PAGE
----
Spiritual Bankruptcy: A Prophetic Call to Action Kindle Edition

4.3 out of 5 stars 3 customer reviews

ISBN-13: 978-1426702952
ISBN-10: 1426702957
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Editorial Reviews

About the Author

John received his Ph.D from the University of Chicago and has served on the faculties of Candler School of Theology and the School of Theology at Claremont. He is an ordained United Methodist elder and lives in Claremont, CA.

Product Details

  • File Size: 734 KB
  • Print Length: 192 pages
  • Publisher: Abingdon Press (August 1, 2010)
  • Publication Date: August 1, 2010
  • Sold by: Amazon Digital Services LLC
  • Language: English
  • ASIN: B004CRT7RY
  • Text-to-Speech: Enabled
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  • Amazon Best Sellers Rank: #1,491,095 Paid in Kindle Store (See Top 100 Paid in Kindle Store)
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Format: Paperback
The bad news is that the planet is in the worst environmental crisis in human history, a fact which is as undeniable as it is disastrous. The even worse news is that the humans who have to deal with it are, collectively speaking, insane. And worst of all for those of us in the United States, we are suffering from collective insanity. Our systems of philosophy, education, and economics are too blinded by secularism or religiousness to fully understand the crisis, much less move toward a solution.
If this is the central premise on which Spiritual Bankruptcy: A Call to Prophetic Action is based, the central thesis is that Christians (or any followers of one of the world's great Ways) need to break free of secularism and religiousness. While neither religion nor secular thought should be cast aside completely, we must seek out a path beyond them. To use the author's term, Christians need to "secularize" their tradition. This doesn't mean buying into secularism itself, which is in fact a rejection of the Christian Way. Rather, it means embracing a practice of thought and behavior that focuses not on some otherworldly heaven or hell, but on the real problems of this present world.
In Cobb's view, this process of secularizing is the truest form of adherence to Jewish and Christian tradition. He argues with some force that the most defining moments of the Bible involve one or more persons insisting that mere religion is not the goal of God's work in human history. Figures like Jesus and Paul defied religiousness. They were adamant that any thought about God must manifest itself in certain behaviors in this present world. Reclaiming this tradition of secularizing, Cobb insists, is a necessary correction to the otherworldly religiousness that has taken hold of American Christianity.
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Format: Kindle Edition Verified Purchase
Dr. Cobb offers a brilliant survey of historic philosophies, modern scientific principles, and the sweep of historic theologies. He makes an impressive case in describing sustainable, viable and effective Christianity as "Secularizing Christianity" - faith that works deliberately to make an impact in the real world. He distinguishes secularizing Christianity from a "Religious Christianity" that gets bogged down in self-absorbed activity that leap-frogs the here and now by focusing on un-worldly solutions. Cobb exposes flaws and limitations in philosophies flowing from Hume and Kant, and encourages more consideration of Whitehead and Hartshorne. My own education came in small town and rural schools, and my college education did not offer philosophy; Dr. Cobb provides a basic survey that covered the high spots. The book provides the impetus for re-thinking the nature of God and a Christianity that must exert its strongest spiritual influence to lead societies and governments to take action to protect the earth from the disaster that will make present nations uninhabitable when the temperature increases by 4%.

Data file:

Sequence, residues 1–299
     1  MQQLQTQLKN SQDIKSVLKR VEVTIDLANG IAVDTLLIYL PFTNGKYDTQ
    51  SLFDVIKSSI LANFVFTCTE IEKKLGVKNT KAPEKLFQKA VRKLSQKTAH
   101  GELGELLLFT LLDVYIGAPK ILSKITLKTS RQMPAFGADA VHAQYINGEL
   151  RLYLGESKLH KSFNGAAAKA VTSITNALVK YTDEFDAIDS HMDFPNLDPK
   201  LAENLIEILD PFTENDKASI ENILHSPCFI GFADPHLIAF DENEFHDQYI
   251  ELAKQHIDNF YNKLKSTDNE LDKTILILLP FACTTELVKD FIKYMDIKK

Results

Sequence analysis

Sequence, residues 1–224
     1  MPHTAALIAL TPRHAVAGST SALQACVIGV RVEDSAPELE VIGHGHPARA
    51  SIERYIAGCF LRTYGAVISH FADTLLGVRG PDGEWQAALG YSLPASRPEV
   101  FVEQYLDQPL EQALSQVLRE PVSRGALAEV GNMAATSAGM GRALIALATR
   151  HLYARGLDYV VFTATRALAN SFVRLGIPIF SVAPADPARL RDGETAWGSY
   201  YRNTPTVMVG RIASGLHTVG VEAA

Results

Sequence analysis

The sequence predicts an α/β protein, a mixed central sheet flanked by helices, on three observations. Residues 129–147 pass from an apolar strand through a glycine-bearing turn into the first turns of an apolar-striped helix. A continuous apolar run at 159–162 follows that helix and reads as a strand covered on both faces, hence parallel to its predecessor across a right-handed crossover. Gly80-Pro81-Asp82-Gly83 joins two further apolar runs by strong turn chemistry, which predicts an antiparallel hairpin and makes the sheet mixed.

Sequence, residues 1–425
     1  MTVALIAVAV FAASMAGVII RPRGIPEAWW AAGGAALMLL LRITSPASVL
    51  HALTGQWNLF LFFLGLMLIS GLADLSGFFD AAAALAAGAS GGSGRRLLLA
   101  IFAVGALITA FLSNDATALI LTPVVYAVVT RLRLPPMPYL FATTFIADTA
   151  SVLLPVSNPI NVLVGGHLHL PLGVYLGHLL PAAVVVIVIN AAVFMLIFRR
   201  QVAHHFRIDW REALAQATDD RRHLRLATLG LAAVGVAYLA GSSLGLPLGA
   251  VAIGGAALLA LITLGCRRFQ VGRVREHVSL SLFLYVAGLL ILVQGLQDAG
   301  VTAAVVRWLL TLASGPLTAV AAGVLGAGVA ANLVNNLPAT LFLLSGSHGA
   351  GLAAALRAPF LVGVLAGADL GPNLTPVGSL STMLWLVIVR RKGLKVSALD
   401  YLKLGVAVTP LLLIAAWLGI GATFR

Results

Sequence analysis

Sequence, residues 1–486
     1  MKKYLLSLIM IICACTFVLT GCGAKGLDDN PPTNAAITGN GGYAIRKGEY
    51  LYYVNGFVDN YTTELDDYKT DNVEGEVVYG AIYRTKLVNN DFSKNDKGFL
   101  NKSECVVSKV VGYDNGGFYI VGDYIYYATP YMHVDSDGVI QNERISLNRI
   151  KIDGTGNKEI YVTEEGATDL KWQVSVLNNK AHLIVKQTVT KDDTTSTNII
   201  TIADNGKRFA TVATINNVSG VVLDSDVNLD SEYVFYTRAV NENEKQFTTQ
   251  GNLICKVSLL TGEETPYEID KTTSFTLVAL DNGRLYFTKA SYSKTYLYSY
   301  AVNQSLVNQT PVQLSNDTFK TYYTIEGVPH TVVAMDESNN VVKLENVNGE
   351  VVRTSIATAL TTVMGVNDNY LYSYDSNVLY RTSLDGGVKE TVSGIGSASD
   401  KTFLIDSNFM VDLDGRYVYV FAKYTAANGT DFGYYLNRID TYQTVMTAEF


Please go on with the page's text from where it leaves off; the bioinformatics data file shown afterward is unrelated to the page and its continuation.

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Format: Paperback Verified Purchase
Spiritual Bankruptcy (Nashville: Abington Press, 2010), by John B. Cobb Jr., is subtitled a `Prophetic Call to Action.' However, the book could have as easily been subtitled `Secularizing Christianity and all Religious Ways to Confront Catastrophes'--because that is the focus of the book, the catastrophes facing humans and all other living beings on the planet and how to find a way to turn towards a more healthy direction.
Secularizing, however, can lead to secularization. Cobb is careful to always separate the two processes. Secularizing, which is close attention to the natural world as the ground of existence and the source of life and the spiritual, is not the same as secularization, which is exclusive attention to the human world combined with the rejection of other dimensions of the natural, and of the traditional and religious explanations of those dimensions. To repeat, secularism is the rejection of traditional knowledge, whether it is traditional ecological knowledge or the spiritual beliefs of the great Ways of binding people to each other and to their places. By contrast, secularizing is the linking of those ways to all grounds of existence, through recognition and respect. Secularization, as another form of narrow reductionism, has allowed civilization to indulge in the madness of ignoring increasing catastrophes--worse, civilization is accelerating the rush to an almost-certain collapse.
Secularism, in academics, business and science, hastens and contributes to problems and catastrophes, from the loss of justice to ecosystem collapse. Secularism has failed to respond to emergencies and crises. It is shortsighted and destructive. Although religion still plays a large role in human affairs, it also fails.
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